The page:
Reef divers and skippers argue the value of sharks, dead or alive, for south coast tourism

2010-09-18 00:00

IT has been a week of mudslinging and wrangling in the fishing industry that has ended in a moral victory for conservationists and environmentalists on the south coast.

A group of charter boat fishermen had organised a weekend of big-game fishing from October 2 to fish for sharks. At least 60 boats had signed up for the event which would see them launch out of Shelly Beach and make their way to Protea Banks, where they would compete against each other in the shark fishing competition.

The proposed competition caused an outrage from locals, who expressed concern over the “slaughtering” of sharks.

The overwhelming support against the competition has resulted in its cancellation, but this does not mean that the controversy has gone away.

The Protea Banks reef plays a very important role in south coast tourism, with people from all over the world coming to dive with sharks at the world famous location. Many charter boat fishing companies, however, are concerned that the population of sharks in the area has been severely detrimental to the fishing trade.

Stefnie Fabricius, from Riptide Charters, was involved in compiling the list of fishermen who were keen to kill a shark.

“We battle to get people to pay to come out fishing with us because the sharks eat all the fish,” she said.

“We also lose hundreds of lures and lots of tackle to the sharks.”

The initial rules of the competition would have allowed the charter boats to catch, and kill, one shark each. If it had not been a competition, then each fishing license would have allowed the catching of 10 sharks.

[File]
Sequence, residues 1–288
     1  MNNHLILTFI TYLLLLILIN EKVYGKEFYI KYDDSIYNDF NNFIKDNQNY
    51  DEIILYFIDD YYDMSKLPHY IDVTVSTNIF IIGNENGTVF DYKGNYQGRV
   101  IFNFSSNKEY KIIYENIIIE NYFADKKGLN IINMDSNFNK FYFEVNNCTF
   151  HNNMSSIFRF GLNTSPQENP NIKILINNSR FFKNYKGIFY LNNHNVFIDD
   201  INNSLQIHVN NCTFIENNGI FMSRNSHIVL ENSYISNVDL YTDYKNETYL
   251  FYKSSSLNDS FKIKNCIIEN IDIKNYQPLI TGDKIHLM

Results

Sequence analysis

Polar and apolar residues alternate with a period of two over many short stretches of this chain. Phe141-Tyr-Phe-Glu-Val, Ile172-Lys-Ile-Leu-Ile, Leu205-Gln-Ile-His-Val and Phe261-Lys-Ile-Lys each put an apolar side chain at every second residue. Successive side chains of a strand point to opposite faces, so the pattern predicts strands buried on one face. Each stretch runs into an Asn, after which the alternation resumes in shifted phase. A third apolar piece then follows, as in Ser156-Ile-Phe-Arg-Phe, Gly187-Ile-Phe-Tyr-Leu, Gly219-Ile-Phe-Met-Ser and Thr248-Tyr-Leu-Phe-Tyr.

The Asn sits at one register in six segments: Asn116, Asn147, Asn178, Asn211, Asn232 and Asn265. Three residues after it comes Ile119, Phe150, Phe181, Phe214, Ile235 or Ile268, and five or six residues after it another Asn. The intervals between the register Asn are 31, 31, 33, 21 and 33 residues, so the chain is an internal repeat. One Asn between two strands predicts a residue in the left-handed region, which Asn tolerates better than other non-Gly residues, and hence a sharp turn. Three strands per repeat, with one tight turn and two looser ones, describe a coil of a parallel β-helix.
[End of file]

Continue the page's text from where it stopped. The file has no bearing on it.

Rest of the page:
After coming under increased scrutiny from the public, the rules of the event began to change.

By Tuesday afternoon, one of the event’s organisers, Johan Albrecht, said he was doing his utmost to try and make the competition a “tag and release”.

This was largely due to the uproar that the proposed competition had provoked from environmentalists. By Wednesday morning, Albrecht confirmed that the competition had been cancelled.

“I never knew that something like this would become so big,” said Albrecht. “A group of the guys who organised it got together and we decided not to go through with it.”

While this decision has calmed the unease for the moment, the problem has not gone away, says Michael Bertram, CEO of Ugu Tourism.

“We are very happy that common sense has prevailed and the competition has been cancelled,” he said. “But there are very valid comments from both sides and there is clearly discussion that needs to happen.” He hopes to facilitate a meeting on the matter in the next few weeks.

Roland Mauz, owner of African Dive Adventures — a company which takes people diving with sharks at Protea Banks — says the fishing out of sharks is totally unacceptable.

“The fishermen are understandably upset, but this doesn’t give them the right to fish out sharks,” he said.

“I have done the calculations and each shark is worth around R100 000 to tourism on the south coast, whereas a dead shark is worthless.

“Our main concern is the environmental impact; we already face the possibility of seeing the extinction of sharks in our lifetime.”

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